3 Ways Neuroscience Improves Learning Design

Much of what we do on a daily basis, your strengths and weaknesses can be attributed in some way to the nervous system. Neuroscience involves the study of the brain, the nervous system and its impact on behavior. It may surprise you that although we tend to think we have full control of our brains, that may not be the case. This article highlights some findings in neuroscience that can help learning designers maximize the capacity of our brains for learning.

Feedback Matters

There’s an experiment known as the Super Mario Effect run by YouTuber Mark Rober where 50,000 viewers took on his challenge to learn coding by beating a puzzle. It turns out Rober split viewers in two groups and provided them with different feedback for the same tasks. One group was given the feedback “That didn’t work. Try again!” while the other group’s feedback said “You lost 5 points”. Surprisingly, 68% of the viewers performed much better with the “Try again!” feedback.

Mark Rober 2018 TEDx Talk

What’s the lesson here? According to Neuroscientist Dr. Andrew Huberman, the focus adjustment learners experience in games facilitates a higher number of repetitions and therefore the motivation to learn. So, instead of punishing learners, reward them with the opportunity to beat a challenge.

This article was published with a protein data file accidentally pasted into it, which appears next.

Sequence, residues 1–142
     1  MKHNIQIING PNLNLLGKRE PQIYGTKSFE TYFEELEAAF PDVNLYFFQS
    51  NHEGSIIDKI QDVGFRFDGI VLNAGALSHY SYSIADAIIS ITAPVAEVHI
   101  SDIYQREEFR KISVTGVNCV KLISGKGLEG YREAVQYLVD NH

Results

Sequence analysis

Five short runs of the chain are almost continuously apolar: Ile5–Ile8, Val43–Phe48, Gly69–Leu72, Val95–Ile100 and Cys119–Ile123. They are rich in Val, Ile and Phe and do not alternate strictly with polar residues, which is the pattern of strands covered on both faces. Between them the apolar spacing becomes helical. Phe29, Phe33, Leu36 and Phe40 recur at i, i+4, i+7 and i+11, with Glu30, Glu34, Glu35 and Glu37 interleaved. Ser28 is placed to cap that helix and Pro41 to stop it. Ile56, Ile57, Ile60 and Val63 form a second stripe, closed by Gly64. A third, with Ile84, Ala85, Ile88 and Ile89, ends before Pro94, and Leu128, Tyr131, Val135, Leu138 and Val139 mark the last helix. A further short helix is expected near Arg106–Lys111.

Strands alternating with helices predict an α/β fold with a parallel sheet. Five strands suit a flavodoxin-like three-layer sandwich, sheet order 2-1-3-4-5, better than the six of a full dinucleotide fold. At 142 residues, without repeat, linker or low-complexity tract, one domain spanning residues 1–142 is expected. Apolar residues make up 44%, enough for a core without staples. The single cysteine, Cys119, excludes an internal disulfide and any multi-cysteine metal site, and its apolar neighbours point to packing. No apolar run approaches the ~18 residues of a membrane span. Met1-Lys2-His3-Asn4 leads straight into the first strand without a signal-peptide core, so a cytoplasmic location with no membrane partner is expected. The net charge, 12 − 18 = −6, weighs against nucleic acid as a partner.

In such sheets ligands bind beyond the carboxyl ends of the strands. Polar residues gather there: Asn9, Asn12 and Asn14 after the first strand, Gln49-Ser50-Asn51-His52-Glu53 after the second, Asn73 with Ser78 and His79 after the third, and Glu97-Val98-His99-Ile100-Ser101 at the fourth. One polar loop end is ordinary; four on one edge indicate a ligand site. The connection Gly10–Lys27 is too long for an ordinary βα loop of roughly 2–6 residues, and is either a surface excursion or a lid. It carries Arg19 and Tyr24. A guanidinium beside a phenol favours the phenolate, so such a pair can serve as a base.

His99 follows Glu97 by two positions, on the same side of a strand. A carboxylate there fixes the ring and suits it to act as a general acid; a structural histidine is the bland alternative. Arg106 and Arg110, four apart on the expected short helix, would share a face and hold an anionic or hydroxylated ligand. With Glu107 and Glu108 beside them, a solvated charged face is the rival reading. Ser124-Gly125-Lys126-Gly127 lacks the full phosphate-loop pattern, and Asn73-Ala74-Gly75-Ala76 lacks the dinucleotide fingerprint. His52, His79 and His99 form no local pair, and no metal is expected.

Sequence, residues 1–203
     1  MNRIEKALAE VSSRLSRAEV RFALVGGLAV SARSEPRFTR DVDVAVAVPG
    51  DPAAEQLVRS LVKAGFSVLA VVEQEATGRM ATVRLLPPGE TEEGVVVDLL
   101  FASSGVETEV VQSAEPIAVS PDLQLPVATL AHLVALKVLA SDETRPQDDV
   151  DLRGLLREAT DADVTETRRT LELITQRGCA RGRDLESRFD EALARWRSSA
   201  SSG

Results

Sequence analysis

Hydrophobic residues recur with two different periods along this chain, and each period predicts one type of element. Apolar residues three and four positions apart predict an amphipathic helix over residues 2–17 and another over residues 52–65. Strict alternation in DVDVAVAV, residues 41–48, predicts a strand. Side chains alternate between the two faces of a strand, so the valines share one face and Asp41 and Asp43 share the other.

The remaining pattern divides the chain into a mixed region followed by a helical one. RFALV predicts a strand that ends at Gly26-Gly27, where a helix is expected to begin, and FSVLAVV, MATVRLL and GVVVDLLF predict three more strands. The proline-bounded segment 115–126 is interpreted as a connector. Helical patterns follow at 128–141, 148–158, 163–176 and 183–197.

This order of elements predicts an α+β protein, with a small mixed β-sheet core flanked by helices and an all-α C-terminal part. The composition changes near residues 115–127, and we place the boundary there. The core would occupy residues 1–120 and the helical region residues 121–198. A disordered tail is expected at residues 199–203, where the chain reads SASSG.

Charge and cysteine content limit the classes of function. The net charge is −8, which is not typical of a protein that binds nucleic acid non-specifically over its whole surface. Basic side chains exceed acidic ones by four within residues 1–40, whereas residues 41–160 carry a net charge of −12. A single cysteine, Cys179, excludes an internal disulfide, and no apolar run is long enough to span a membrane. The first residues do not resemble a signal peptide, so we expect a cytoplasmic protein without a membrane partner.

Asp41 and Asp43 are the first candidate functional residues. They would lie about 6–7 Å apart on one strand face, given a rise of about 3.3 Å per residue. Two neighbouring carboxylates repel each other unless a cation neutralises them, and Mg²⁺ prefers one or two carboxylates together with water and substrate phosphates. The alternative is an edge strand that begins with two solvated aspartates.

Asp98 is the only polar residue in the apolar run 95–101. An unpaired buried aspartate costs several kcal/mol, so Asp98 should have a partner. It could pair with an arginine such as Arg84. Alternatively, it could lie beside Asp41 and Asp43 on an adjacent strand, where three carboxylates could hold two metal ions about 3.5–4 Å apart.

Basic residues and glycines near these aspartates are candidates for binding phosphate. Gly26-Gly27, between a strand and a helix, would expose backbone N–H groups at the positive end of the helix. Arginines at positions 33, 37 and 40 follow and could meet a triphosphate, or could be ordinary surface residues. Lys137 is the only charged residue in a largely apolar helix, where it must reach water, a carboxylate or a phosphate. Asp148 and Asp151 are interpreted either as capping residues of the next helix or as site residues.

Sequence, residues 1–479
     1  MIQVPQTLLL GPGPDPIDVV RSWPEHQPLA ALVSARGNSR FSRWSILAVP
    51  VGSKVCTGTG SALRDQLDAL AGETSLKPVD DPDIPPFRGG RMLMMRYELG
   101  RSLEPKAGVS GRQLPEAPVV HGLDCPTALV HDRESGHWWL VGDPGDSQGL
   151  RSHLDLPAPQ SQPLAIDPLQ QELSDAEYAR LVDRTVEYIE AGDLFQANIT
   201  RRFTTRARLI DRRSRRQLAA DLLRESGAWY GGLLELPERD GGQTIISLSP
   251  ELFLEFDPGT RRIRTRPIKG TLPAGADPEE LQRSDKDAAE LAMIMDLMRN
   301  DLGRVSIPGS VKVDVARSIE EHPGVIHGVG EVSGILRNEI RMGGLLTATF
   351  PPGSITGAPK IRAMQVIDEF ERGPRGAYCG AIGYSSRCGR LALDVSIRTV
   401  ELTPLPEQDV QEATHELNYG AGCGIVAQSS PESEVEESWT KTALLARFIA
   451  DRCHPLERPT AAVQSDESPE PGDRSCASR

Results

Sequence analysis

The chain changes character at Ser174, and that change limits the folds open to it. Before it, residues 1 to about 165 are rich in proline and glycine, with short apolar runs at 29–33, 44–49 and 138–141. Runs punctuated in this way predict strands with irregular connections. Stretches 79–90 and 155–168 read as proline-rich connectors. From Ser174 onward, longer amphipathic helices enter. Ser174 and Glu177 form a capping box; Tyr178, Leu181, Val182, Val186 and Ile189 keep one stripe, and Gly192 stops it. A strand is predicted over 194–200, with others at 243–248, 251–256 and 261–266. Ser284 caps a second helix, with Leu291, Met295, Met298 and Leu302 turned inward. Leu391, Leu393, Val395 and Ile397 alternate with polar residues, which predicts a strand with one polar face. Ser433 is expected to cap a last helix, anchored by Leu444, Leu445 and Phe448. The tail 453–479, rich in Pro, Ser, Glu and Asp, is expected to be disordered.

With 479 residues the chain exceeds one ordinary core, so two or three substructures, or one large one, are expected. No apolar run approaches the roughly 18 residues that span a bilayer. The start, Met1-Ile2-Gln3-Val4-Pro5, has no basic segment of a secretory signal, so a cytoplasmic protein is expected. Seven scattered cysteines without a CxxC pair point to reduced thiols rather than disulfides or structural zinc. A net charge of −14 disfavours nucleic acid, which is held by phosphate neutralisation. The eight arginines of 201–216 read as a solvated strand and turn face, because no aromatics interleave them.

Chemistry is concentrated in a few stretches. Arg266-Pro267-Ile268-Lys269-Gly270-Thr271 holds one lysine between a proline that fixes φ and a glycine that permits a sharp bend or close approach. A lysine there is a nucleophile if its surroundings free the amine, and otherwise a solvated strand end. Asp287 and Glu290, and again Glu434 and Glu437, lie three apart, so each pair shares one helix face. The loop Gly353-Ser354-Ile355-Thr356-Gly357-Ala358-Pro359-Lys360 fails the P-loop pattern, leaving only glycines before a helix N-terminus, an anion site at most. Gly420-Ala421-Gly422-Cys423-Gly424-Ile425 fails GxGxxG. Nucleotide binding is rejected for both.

Do Nothing After Learning

Yes, this is a cool one. A couple studies suggest that after a learning event, the brain replays the sequence of neuron activations required during such activity. It does this in sleep and also when awake. As a designer, you may want to consider the possibility of short 10-min meditation breaks after lab exercises to maximize this autonomic brain response.

Training Density Makes a Difference

Density of training refers to the focus intensity of a learning activity. In this case, Dr. Huberman refers to the Ultradian and Non-ultradian learning cycles which describe a lapse of 90-minutes in which learning happens while we are asleep. He also mentions that learning can be very effective in shorter bouts as long as the opportunity for repetitions is vast in the learning activity. This means designers can apply a microlearning strategy to maximize these cycles and increase retention.

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